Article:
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Bill could force TOCs to spend NR delay payments on improvements

Legislation requiring train operating companies (TOCs) to spend compensation payments from Network Rail for delays on improvement projects is currently going through the House of Commons.

Joan Ryan, Labour MP for Enfield North, who led the group of 12 MPs presenting the Improvement of Rail Passenger Services (Use of Disruption Payments) Bill, said that it was unfair that TOCs profit from schedule 8 disruption payments from Network Rail for maintenance failures which lead to delays.

Of the £575m in schedule 8 payments made between 2010 and 2015, only £73m was spent on compensation for passengers. Although this is more than double the amount before 2010, the Office of Rail and Road (ORR) recently criticised the lack of information on how to claim compensation in response to a Which? campaign. Many of the payments were funded by taxpayers’ contributions to Network Rail.

Ryan said: “The payments received from Network Rail bear no relation whatever to the passenger compensation schemes between the train operators and their customers. Indeed, only a fraction of what train operators receive in payments from Network Rail is ever passed on to commuters whose journeys have been disrupted. Passengers are certainly not helped to claim what they are owed for delays, given that train operators make it so difficult for them to access compensation.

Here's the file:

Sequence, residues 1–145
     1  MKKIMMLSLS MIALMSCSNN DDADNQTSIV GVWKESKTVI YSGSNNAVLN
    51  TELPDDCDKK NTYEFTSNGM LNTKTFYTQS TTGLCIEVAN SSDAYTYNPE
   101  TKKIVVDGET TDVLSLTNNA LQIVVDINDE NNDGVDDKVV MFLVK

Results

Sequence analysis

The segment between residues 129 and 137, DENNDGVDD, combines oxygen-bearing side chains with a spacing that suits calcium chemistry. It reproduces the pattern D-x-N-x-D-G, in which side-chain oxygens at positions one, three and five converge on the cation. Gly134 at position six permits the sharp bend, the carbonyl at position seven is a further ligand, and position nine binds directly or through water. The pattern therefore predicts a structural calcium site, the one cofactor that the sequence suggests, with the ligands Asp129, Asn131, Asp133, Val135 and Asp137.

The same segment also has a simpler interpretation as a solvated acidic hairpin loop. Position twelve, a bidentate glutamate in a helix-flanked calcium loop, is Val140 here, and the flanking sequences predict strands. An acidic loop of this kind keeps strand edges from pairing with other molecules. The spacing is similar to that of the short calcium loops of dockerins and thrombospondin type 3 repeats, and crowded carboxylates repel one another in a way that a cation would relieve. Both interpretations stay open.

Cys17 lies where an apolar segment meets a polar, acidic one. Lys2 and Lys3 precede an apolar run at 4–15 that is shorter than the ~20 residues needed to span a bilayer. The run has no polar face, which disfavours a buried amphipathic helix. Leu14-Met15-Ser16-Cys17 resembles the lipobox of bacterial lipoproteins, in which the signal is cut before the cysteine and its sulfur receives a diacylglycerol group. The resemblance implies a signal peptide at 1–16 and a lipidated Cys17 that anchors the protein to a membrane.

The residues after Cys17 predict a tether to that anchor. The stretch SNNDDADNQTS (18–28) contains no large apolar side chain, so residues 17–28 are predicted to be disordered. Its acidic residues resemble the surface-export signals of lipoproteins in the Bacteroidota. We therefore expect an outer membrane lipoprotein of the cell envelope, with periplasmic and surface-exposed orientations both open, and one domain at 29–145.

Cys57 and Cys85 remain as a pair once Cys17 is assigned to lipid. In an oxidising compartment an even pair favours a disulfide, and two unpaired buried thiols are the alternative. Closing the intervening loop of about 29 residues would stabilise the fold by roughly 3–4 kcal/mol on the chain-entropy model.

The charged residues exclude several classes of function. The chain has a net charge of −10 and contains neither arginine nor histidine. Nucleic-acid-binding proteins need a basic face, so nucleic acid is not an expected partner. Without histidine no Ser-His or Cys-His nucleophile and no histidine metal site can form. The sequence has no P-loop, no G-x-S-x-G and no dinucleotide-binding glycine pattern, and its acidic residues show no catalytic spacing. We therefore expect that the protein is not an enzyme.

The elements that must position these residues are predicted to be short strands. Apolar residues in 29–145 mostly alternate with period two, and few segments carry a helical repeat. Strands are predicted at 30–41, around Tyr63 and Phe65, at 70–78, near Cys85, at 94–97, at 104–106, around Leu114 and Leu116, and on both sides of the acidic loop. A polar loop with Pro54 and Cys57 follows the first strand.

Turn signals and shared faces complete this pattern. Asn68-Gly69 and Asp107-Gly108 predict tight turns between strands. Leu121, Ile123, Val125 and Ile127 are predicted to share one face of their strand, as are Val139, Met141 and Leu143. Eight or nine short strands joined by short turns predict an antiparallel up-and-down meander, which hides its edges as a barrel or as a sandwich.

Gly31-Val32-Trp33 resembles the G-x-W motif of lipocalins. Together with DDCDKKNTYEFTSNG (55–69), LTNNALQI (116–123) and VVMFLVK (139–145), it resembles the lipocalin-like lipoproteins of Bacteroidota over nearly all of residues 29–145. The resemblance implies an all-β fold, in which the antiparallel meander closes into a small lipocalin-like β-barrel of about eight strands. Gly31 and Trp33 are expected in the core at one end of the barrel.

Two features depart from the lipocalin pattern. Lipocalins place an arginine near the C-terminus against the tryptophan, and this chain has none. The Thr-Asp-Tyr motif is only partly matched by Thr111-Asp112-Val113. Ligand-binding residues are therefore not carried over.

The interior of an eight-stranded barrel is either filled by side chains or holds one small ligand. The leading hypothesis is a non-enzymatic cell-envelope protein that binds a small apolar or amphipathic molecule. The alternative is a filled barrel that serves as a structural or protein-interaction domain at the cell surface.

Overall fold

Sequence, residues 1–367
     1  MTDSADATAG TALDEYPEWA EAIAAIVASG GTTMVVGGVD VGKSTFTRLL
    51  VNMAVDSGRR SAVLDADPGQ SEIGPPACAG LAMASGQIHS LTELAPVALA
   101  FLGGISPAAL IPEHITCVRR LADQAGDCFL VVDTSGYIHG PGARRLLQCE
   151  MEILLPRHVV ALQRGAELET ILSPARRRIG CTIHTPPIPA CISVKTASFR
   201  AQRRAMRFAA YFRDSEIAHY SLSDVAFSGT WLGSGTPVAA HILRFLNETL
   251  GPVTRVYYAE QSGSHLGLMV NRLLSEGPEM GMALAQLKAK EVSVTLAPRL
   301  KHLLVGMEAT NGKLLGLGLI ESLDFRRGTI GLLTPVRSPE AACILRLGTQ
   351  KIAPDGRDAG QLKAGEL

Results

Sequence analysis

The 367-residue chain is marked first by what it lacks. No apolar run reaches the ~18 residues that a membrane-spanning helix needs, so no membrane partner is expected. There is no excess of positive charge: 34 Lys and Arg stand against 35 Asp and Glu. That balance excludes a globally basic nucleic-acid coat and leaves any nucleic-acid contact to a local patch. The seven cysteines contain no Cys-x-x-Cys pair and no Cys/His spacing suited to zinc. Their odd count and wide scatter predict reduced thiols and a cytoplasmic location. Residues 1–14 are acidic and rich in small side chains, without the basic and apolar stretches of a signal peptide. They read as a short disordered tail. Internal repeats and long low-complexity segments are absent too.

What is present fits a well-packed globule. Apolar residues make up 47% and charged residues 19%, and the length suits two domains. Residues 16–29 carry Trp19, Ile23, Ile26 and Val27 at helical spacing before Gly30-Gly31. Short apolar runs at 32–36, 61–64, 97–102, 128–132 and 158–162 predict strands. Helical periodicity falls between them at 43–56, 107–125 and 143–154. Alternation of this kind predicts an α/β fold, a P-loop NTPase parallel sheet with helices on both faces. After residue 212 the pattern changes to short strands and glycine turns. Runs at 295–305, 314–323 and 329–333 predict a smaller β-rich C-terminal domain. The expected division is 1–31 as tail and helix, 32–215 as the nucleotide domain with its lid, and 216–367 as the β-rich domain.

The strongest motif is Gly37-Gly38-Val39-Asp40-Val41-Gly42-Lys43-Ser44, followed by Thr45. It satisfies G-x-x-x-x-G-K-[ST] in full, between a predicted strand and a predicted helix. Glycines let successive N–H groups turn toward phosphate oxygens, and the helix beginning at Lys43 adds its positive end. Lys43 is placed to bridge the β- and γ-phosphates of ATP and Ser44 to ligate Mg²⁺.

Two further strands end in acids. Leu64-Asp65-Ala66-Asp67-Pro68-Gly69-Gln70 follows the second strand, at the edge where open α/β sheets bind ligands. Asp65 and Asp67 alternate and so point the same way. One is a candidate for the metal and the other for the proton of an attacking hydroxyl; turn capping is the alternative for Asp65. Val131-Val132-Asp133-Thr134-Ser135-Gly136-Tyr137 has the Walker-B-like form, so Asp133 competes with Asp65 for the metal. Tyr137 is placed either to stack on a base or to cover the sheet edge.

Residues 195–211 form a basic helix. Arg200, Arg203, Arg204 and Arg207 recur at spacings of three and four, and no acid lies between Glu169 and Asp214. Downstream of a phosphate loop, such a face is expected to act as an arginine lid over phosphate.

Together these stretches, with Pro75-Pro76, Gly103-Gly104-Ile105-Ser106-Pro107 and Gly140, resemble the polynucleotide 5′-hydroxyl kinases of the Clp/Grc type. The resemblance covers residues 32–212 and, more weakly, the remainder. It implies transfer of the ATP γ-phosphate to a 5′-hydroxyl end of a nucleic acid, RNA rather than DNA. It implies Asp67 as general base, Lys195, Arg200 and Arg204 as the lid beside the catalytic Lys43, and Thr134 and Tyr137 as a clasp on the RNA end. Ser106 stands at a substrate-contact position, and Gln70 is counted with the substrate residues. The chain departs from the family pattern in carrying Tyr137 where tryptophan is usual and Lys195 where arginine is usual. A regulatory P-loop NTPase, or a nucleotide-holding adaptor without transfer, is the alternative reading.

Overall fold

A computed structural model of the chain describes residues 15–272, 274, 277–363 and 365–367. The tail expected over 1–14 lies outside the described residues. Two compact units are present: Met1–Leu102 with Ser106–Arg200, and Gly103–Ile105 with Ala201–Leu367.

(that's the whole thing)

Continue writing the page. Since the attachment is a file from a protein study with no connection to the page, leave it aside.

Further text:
“It is scandalous that a system can be designed in such a way that the very people using the rail network and who are most affected by the poor standard of service on offer—tax-paying commuters—can end up contributing to train operators’ profits out of their own misery! How can this be right? Where is the accountability to the fare-paying, taxpaying public for how this system operates and where this money goes?”

In Network Rail’s latest figures, the public performance measure (PPM) of British railways was at 90.5%, compared to 91.2% at the same time last year, and Network Rail was responsible for roughly 60% of delays.

Virgin is the only TOC to currently offer compensation in the form of money, not vouchers, as TOCs are now obliged to do under the Consumer Rights Act 2015.

The proposed Bill will empower the ORR to make TOCs disclose any profit from schedule 8 payments and ensure that it is spent on profits to improve passenger experience, including retaining ticket office staff, facilitating easier access to station platforms and trains, free wi-fi, or providing a guarantee that trains will not miss out stops.

Ryan cited a £4m rail reparation fund, created last year by the ORR and Network Rail to benefit passengers affected by delays on Thameslink, Gatwick Express and Southern routes, which was spent on increasing station and maintenance staff and introducing incident management software.

The Bill, introduced yesterday under the Ten Minute Rule, will next be read in the House of Commons on 22 April.

(Image c. Johnny Green from PA Images)


Lutz   15/04/2016 at 21:51

Typical Public Sector workers; have no idea of what is involved in running a business, and fail to grasp that businesses incur costs because of NR's failures. All they want is to have the TOCs even further out of pocket.

John Rutherford   18/04/2016 at 23:05

For God's sake stop playing around with the deckchairs and start concentrating on saving the ship!

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